* Sam Rader, a YouTube video blogger (“vlogger”) who talks a big game about his Christian faith, is also there. I still think he’s a mostly-harmless example of the Liar for Jesus: someone who presents himself as far better able to live his message than he really is, who exaggerates aspects of his life to make it look more like the Happy Christian Illusion on various fronts, and who wants to convince others to adopt the philosophy he himself cannot manage. He released an obligatory video defiantly declaring that he was forgiven by both Jesus and his wife so nobody’s allowed to be mad still. After his removal from a vlogger convention in Seattle last week for threatening people with violence, he finally decided to take a break from YouTube for an unspecified period of time. From the sound of that link, his wife is way angrier at him over getting their asses tossed from the conference than she is about him being involved with Ashley Madison. (Interestingly, Sam Rader also referred to the day he got kicked out of the vlogger conference as “one of the hardest days of me and Nia’s life, by far”–but compared to losing an eagerly-wanted pregnancy just a couple of weeks earlier, wouldn’t getting thrown out of a conference be small potatoes? It’s hard not t owonder if he’s using that phrasing because the conference actually happened.) He might or might not be back; the leak didn’t single-handedly cause his downfall, but it’s definitely a large nail in the coffin.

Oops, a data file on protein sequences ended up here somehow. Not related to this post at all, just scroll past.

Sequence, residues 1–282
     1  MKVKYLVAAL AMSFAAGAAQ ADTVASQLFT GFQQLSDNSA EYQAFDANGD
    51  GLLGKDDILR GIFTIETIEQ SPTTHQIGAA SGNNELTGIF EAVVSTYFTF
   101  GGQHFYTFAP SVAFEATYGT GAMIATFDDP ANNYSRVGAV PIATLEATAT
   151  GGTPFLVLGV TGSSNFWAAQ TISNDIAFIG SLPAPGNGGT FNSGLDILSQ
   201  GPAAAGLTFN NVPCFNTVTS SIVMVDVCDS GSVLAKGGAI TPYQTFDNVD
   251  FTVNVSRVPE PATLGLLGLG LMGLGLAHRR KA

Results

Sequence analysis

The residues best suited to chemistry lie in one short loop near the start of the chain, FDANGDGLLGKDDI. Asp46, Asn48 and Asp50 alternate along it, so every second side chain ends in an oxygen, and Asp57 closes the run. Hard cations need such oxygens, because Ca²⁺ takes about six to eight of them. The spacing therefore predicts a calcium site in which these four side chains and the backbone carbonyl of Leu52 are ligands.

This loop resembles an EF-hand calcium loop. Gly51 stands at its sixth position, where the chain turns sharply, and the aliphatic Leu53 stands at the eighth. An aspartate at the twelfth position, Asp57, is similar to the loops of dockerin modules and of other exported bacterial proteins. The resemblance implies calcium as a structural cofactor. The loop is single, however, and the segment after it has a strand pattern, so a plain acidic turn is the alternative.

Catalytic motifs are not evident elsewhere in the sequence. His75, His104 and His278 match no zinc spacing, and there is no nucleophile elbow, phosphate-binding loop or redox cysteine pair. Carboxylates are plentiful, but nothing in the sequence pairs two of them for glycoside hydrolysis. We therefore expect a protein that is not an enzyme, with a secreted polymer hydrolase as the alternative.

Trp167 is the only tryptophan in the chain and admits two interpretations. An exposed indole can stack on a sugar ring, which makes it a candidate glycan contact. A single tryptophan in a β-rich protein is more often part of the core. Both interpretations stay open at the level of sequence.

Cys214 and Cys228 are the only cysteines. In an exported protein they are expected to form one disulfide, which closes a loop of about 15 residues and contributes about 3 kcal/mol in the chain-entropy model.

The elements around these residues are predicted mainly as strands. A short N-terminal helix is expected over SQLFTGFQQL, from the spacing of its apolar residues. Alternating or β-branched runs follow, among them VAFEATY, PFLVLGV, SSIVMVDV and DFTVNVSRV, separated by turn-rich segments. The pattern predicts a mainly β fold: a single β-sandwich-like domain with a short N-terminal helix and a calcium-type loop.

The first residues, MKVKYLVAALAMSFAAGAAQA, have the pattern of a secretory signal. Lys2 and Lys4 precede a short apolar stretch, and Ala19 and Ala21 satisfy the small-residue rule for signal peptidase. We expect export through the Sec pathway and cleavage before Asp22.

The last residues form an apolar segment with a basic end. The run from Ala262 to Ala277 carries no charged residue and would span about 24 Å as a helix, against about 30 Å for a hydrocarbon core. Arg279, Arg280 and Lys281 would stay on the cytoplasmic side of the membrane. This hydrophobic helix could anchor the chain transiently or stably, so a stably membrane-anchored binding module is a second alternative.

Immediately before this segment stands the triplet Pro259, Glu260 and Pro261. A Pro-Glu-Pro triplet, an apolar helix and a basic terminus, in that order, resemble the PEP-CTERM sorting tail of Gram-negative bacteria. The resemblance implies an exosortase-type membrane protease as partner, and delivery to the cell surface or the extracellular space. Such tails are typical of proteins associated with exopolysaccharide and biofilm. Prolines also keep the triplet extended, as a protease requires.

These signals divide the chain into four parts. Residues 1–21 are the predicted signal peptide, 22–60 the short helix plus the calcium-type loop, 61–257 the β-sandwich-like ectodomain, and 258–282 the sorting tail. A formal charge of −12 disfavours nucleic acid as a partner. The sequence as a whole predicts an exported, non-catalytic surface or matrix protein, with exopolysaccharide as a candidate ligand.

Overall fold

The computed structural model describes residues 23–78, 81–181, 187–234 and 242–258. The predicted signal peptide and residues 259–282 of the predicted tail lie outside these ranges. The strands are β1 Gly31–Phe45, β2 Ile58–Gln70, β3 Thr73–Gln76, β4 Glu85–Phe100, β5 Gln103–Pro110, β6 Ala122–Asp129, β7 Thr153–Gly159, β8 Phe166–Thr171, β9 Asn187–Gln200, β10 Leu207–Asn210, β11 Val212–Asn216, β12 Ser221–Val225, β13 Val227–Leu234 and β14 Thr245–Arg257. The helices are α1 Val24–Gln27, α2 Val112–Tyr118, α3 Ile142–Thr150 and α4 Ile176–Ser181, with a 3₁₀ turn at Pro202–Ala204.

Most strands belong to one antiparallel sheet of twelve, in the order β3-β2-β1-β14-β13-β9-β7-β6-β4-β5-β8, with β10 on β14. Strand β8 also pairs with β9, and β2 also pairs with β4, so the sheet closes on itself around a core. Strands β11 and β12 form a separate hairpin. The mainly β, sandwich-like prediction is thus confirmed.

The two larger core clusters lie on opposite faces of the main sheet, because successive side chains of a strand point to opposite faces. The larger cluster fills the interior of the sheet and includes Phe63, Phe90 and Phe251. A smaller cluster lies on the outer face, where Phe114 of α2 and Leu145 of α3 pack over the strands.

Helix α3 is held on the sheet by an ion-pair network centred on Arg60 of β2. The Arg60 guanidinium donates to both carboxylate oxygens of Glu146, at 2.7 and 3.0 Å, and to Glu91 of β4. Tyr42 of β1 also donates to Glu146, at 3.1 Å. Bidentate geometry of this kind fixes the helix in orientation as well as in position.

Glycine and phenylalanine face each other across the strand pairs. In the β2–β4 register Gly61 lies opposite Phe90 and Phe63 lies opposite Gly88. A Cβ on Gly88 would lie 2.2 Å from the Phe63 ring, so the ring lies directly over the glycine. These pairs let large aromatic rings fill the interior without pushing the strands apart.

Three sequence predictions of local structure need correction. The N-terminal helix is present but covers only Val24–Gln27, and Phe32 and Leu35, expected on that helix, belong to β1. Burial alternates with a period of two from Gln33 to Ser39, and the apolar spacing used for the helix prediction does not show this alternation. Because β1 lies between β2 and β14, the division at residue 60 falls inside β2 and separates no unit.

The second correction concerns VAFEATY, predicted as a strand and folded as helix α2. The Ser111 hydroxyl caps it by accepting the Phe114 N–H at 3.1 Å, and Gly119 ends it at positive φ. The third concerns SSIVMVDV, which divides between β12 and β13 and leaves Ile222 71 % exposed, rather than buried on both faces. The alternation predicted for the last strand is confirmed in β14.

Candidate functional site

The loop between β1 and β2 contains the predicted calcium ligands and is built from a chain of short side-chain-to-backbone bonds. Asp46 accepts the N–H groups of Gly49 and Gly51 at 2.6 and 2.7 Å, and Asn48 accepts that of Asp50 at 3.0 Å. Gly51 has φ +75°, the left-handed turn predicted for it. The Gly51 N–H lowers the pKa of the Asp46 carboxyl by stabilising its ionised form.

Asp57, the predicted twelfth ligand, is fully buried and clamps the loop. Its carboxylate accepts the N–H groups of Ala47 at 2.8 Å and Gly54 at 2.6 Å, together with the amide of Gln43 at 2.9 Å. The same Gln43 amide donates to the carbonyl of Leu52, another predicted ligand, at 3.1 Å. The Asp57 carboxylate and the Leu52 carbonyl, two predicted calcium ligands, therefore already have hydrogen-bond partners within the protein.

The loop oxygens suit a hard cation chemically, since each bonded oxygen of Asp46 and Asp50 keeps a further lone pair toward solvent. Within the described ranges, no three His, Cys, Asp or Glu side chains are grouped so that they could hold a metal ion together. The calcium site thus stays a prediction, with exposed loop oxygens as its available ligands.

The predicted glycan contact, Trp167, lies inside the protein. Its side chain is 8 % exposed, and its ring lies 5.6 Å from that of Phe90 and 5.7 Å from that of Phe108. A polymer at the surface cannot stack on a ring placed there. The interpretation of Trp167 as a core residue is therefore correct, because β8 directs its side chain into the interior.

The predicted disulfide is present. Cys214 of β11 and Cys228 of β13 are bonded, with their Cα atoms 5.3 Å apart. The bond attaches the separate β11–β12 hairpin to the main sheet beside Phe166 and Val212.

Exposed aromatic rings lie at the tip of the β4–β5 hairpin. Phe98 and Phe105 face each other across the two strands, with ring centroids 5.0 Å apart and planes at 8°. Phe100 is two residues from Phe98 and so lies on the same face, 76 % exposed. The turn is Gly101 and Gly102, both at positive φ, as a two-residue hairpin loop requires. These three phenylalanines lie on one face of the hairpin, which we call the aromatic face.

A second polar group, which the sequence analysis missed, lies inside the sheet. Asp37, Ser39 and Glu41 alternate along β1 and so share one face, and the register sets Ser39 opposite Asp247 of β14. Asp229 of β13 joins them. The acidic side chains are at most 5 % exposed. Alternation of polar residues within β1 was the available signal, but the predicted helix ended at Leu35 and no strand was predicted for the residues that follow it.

* Various fairly minor judicial and political figures have shown up on the list, such as Florida State Attorney Jeff Ashton and the Executive Director of the Louisiana GOP Jason Doré (who claims he joined to do “opposition research” before sniffing that joining had “ended up being a waste of money and time”–I’m doubting the first claim, but inclined to completely believe the second). The Atlanta Journal-Constitution notes that a couple dozen local government domains have been identified in the data dump. And here is some more info about other government employees who’ve been caught. So far, nobody especially national-level seems to have turned up.
* American military authorities reveal that they’ve tried to subpoena Ashley Madison’s customer records in the past to bring adultery charges against their enlisted personnel, but there’s no word on how that went or what they’re planning to do now with the many thousands of official .gov and .mil addresses that have turned up in the leak.
* South Bend City Clerk John Voorde very foolishly used his city email account to sign up for an account out of “curiosity.” He’s not planning to resign.
* There’s a police captain in Texas whose recent suicide may be linked to his presence on the Ashley Madison list. Canadian authorities report two suicides there. I find these deaths heartbreaking, obviously, and note that they’re about the only really serious fallout from the leak so far.
And that’s about it for now.
So who are these 400 ministers Ed Stetzer darkly predicts will be resigning on Sunday? It’s Friday now, so I guess we’ll just have to wait to see. I don’t think we’ll see a lot of really big-name people turn up, despite Mr. Stetzer’s ominous hints. He’s been on a No True Christian kick of late trying to spin-doctor his religion’s dramatic drop in membership, so I’m not sure his prediction will come true. Even if a somewhat-prominent minister does turn out to be on the list, I don’t see that it’d necessarily result in a resignation; Christian leaders–especially those heading conservative groups–have been working hard for decades to create a church culture in which abusers, liars, predators, thieves, conjobs, and hypocrites can get nearly-unlimited “second chances” from flocks with shorter and shorter memories. The list of unforgivable crimes for that lot is growing shorter and shorter every year.